28 Aug 2010 - 9 Jan 2011
For over a century, the Stedelijk Museum has made use of posters to inform the public about its exhibitions.
Beginning when the museum opened in 1895, a wide variety of poster designs and styles reflected the different exhibitions and organizations housed within the museum. However, this changed in 1945, when graphic designer Willem Sandberg became director of the Stedelijk. Until his retirement in 1962, Sandberg personally designed almost all of the museum’s printed matter. His posters communicated simple messages in bright colors. From 1963 until 1984, the poster designs of Wim Crouwel gave the museum a contemporary look. Under Wim Beeren’s directorship, from 1985 to 1993, the design often favored the more expressive style of graphic designer Anthon Beeke.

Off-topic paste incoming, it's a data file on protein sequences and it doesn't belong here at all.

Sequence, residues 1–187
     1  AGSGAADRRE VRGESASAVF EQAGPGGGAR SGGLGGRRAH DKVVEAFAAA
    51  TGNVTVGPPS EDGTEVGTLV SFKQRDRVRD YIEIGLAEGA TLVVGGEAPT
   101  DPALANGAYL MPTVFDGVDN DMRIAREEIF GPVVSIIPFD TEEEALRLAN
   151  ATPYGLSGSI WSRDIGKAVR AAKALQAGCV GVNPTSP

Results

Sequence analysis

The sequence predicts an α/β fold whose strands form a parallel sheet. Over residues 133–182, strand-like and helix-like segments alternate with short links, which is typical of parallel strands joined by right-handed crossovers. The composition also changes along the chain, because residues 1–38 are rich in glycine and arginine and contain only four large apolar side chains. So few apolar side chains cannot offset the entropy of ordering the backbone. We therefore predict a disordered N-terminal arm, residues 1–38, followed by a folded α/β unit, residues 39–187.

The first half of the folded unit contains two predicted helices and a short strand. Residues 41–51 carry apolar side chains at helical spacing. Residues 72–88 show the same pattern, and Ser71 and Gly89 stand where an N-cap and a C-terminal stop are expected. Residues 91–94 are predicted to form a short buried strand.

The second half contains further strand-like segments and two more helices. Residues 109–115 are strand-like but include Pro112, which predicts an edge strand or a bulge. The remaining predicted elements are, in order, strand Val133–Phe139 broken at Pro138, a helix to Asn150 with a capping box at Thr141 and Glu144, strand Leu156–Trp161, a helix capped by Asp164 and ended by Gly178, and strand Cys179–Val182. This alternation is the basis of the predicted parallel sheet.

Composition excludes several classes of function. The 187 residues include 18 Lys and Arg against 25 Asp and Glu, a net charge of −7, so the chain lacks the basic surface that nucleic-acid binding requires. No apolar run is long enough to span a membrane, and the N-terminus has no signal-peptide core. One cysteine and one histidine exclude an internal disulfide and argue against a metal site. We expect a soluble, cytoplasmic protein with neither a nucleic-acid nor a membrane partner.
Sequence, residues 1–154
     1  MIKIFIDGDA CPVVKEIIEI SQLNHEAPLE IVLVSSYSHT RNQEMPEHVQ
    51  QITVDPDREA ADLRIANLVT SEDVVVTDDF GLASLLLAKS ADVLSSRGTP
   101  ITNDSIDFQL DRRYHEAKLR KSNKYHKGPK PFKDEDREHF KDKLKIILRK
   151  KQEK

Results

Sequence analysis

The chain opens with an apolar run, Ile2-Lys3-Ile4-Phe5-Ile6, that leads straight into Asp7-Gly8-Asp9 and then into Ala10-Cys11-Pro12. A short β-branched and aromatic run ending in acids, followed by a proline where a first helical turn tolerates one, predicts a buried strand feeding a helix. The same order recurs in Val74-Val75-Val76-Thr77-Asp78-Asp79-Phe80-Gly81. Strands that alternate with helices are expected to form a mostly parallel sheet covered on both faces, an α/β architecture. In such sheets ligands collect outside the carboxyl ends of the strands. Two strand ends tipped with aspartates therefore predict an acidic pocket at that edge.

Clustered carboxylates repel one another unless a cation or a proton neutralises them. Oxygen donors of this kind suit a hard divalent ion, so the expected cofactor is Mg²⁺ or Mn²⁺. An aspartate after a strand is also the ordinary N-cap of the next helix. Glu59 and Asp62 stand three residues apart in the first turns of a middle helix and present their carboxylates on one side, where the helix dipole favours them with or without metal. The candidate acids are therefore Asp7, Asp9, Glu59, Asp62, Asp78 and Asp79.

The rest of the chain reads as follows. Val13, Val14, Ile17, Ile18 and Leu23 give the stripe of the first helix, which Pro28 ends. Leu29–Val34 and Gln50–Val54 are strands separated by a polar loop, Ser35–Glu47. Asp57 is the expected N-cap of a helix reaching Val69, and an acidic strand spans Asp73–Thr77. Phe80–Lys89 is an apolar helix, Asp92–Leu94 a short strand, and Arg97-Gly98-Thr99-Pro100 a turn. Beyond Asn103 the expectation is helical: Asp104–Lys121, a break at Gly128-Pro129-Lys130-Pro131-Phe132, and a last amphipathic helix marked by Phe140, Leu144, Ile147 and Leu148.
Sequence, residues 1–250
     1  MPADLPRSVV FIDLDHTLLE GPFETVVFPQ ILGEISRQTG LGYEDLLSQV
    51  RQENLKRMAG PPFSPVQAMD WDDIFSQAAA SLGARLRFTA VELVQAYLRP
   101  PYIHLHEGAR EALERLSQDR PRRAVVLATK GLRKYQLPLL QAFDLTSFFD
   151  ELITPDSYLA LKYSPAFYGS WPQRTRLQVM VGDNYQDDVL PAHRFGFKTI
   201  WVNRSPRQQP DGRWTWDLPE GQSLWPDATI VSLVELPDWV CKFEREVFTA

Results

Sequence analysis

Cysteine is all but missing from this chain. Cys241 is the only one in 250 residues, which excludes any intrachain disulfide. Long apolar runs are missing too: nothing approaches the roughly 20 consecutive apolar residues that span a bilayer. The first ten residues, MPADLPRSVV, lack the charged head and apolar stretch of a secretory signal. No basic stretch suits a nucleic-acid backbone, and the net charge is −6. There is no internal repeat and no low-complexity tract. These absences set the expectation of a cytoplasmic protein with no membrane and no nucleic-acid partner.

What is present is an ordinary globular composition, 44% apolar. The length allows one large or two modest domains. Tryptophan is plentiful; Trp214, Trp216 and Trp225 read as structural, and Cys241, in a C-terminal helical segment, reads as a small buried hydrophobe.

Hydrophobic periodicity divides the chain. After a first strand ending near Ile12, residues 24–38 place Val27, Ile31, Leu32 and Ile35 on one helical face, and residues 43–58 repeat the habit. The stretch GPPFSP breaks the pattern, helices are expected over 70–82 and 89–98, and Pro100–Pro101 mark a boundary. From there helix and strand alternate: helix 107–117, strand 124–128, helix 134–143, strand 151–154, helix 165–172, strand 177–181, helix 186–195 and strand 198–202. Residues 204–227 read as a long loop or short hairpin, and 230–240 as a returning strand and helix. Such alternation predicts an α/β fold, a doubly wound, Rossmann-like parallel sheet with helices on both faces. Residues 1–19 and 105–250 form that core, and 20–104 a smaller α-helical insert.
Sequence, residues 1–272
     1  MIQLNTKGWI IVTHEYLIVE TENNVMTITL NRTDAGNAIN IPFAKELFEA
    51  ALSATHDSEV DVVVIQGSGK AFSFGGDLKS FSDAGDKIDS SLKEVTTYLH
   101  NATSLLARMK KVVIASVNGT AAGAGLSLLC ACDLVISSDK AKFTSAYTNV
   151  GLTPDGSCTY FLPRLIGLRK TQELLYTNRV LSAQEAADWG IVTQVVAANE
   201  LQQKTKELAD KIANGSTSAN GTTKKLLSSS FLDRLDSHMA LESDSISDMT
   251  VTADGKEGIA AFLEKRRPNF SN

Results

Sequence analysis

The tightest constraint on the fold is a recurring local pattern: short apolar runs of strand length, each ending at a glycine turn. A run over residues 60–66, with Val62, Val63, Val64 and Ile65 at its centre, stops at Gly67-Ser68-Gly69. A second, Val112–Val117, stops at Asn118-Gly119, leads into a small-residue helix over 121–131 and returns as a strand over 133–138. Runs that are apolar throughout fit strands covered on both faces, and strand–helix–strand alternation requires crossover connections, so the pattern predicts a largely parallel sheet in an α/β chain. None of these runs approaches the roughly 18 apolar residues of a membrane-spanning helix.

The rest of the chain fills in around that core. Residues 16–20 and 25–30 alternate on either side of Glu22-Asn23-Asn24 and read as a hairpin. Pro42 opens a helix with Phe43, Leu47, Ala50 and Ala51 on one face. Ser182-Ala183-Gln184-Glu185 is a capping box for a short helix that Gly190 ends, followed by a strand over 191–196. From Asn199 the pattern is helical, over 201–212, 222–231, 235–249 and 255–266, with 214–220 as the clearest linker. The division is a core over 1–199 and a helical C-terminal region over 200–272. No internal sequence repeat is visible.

In the years up to and including the temporary closure of the museum, many different designers were invited to create posters for the Stedelijk.
In this way, the Stedelijk became one of the most important patrons of graphic design in the country. The reprinted designs exhibited here relate the history of an institution that grew from an assortment of period rooms-cum-exhibition space, into a pioneering museum for modern and contemporary art and design.